Reblogged Jun 18, 2016 at QViews
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Recently, I've been talking to many people about possible projects and jobs. They are distressed when I tell them my hourly rate. They respond... so consider that you're hardly making anything now, wouldn't a lower rate be better than nothing??? Uh, no. (Explained below.) VentureBeat: Why I turned down 500k, pissed off my investors and shut down my startup, 2016-Jun-9 by Tim Romero I am not particularly risk-averse, but I pay attention to risk and reward. As an investor, I probably would have told me to take the money and try to make it work. But the risk-reward equation for... Continue reading
Reblogged Jun 17, 2016 at QViews
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Marketing automation has turned into a big headache for many companies. As it's very expensive, both in terms of money and time, management is putting pressure on marketing departments to show return on that investment. Unfortunately, these powerful marketing automation tools demand planning AND flexibility AND a surprising dose of... Continue reading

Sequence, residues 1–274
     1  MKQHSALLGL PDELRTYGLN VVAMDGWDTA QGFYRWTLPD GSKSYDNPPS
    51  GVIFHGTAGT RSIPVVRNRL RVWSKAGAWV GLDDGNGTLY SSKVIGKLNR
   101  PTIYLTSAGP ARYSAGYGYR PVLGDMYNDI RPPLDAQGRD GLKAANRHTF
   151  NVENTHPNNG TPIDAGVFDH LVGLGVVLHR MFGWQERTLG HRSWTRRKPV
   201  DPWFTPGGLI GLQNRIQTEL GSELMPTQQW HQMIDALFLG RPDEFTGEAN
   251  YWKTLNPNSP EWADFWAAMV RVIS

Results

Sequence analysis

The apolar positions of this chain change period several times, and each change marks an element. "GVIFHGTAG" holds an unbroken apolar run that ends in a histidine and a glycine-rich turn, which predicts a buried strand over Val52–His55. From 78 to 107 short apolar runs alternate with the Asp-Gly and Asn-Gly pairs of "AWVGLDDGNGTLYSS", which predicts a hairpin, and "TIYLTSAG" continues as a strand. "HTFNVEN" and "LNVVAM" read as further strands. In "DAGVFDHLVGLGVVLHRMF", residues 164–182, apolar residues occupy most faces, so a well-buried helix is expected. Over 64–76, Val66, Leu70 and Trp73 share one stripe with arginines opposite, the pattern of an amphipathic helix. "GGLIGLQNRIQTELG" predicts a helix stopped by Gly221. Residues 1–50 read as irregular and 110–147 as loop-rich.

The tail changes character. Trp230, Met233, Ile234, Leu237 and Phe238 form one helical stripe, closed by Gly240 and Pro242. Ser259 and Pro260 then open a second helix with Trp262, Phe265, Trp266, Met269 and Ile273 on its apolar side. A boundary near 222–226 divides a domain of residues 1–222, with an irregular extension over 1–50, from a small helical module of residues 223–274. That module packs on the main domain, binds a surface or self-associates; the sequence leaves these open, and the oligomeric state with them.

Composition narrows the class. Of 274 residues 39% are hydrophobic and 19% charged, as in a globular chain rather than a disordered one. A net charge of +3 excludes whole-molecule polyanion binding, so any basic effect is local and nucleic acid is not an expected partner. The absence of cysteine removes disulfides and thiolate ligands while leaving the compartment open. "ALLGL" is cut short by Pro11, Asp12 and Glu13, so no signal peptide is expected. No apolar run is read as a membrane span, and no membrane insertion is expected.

Reblogged Jun 16, 2016 at Steady CRM
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The big design challenges for customer surveys... Get it to the customer fast Make it fast to read Make it fast to take Make it pretty... but not slow Make it fun... but quick Make it the beginning of a relationship by showing customers how you're using their feedback. MyCustomer.com:... Continue reading
Reblogged Jun 8, 2016 at Steady CRM
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Sharing our problems and challenges is a great way to build trust. Unfortunately, that behavior inspires many people to try and solve our problems. If you have that inclination please squelch it. And if you can't, consider these words. The whole article is highly recommended--learn the context of this advice! First Round Review: Advice is Cheap--Context is Priceless, 2016-April by Hiten Shah Good advice takes pattern recognition and selection, but with that, comes the tendency to rigidly categorize people alongside their situations. So here’s the mantra of the advice giver: don’t react. Ask yourself how to advise in a way... Continue reading